Time to Build and Think Differently with David Hopkins

The Offsite Hub blog this week discusses with David Hopkins, CEO of the UK Timber Trade Federation (TTF) and board member of the Confederation of Timber Industries (CTI), how the timber industry has long embraced offsite manufacture and is perfectly placed to capitalise on the need for low carbon design and build.

It is time for the UK construction industry to level up. The past four decades are evidence that business as usual will not deliver the number of homes which the UK needs, or the high quality, low carbon solutions which we must embrace to reach net zero by 2050. Low productivity, a lack of investment, an ageing workforce and poor planning have all contributed to the average house costing almost eight times what the average Briton earns, and these forces are set to increase the pressure on the traditional model of housebuilding.

Of course, readers of this blog are aware there are alternatives to timber. Modern methods of construction (MMC) are widely accepted as essential to creating a construction industry and deliver more housing quicker, with a reduced carbon-footprint. The timber industry has long embraced offsite with timber frame construction. It is past time that the effectiveness of offsite is being fully recognised by the government, housing associations, local councils, and developers.

Timber should have a natural advantage in this new policy environment. An emphasis on speed creates a preference for offsite, and emphasis on offsite creates a preference for timber. It is a light, versatile material which lends itself to manufacturing processes. However, the UK construction industry remains slow to change. Entrenched practices, low levels of investment into research and development, lobbying by competitors and low productivity have created an industry which is slow to embrace innovation.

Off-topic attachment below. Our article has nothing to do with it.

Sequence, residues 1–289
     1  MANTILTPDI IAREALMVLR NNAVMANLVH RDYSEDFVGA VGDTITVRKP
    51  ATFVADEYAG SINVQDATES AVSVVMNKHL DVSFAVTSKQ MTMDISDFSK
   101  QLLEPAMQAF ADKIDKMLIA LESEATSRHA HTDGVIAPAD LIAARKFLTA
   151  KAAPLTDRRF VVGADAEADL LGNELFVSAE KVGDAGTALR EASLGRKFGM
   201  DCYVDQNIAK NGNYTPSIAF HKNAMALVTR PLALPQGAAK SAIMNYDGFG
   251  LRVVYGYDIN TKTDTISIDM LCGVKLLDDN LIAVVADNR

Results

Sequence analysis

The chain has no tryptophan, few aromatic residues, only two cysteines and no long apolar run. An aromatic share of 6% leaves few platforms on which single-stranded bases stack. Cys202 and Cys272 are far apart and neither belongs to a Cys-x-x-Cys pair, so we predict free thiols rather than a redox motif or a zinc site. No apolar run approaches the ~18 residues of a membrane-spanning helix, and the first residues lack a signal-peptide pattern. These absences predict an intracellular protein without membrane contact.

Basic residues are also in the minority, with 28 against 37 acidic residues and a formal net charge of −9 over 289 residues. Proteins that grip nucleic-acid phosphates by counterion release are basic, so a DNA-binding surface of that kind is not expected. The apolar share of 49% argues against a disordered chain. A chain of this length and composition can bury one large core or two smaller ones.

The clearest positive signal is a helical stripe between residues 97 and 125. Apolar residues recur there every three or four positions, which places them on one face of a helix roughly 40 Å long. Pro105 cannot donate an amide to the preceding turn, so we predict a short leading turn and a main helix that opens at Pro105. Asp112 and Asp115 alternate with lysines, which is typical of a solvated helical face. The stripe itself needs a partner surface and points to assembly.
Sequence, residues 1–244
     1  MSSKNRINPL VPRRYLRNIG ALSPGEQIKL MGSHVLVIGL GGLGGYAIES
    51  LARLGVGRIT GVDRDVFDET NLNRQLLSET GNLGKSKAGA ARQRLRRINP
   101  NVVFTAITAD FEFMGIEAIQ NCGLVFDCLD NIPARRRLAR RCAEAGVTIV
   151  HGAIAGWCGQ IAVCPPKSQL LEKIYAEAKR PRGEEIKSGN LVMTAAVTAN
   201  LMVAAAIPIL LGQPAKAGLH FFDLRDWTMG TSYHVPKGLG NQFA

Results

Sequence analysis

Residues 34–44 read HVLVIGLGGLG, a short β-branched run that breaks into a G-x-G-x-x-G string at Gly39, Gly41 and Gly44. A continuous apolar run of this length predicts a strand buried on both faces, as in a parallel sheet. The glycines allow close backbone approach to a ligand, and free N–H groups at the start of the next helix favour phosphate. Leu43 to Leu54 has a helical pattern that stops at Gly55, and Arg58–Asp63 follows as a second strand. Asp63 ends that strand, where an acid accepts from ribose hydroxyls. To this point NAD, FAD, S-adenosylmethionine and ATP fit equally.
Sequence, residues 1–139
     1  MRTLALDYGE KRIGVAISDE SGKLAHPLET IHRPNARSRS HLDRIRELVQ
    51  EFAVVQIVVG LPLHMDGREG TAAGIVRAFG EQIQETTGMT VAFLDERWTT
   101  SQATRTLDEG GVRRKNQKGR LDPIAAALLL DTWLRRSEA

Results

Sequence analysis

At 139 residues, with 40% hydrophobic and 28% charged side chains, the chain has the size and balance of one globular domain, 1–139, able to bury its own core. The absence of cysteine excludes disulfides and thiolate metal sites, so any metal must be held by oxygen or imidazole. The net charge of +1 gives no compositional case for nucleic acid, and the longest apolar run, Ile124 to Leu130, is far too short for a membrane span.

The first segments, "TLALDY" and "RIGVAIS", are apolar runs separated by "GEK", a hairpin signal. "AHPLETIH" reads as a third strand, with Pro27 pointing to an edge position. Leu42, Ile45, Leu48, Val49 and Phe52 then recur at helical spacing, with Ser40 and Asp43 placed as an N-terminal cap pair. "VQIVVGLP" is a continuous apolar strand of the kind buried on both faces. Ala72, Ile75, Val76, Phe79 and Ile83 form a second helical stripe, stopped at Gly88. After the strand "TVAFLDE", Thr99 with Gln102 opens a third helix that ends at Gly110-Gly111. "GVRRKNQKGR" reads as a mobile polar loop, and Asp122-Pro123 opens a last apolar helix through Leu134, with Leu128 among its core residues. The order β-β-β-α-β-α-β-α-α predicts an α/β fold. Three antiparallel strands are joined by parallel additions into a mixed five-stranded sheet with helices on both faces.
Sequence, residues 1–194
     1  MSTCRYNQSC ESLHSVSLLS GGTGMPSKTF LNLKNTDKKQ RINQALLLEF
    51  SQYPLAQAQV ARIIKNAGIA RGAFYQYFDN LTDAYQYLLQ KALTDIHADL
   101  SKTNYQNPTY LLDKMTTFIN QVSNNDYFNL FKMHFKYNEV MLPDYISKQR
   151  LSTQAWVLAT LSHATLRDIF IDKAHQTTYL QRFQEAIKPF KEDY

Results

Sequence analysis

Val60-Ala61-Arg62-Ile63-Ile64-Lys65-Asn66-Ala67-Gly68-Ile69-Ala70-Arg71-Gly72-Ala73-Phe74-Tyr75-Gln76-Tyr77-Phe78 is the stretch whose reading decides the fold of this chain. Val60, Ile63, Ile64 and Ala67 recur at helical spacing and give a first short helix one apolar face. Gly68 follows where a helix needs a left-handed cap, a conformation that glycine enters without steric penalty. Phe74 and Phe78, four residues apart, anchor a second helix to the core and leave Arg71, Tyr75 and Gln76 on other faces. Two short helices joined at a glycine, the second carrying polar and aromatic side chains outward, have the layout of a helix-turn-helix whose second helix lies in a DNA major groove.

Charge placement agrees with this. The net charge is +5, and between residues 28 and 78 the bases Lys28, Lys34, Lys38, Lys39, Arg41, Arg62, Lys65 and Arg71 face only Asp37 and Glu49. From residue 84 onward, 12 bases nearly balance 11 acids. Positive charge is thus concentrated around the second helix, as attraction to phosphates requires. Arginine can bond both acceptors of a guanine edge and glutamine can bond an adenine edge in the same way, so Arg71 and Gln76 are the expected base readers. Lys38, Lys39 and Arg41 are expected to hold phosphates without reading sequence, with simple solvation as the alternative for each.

As voiced recently by Government-appointed MMC champion Mark Farmer, the volume builder world still views MMC and offsite as unknowns. There is a perception of financial risk, with MMC considered ‘unproven’, and the upfront costs off-putting. I would like to make the point that we can say in the timber industry this is not the case. Structural timber technology is proven, and already accounts for 83% off homes in Scotland, where a healthy, profitable house building industry has thrived for decades.

In England the timber frame accounts for 23% of newbuild homes, a number which grows every year thanks to the many examples of timber frame projects across the UK delivering high quality houses on time and on budget. We listed some in our report with the APPG for the Timber Industries last year on ‘How the timber industries can help solve the housing crisis’. This included an example from the Commonwealth Games, where CCG delivered 700 homes in just 700 days using offsite timber frame construction. A Fabric First approach to construction helped these homes offer top of the line operational efficiency.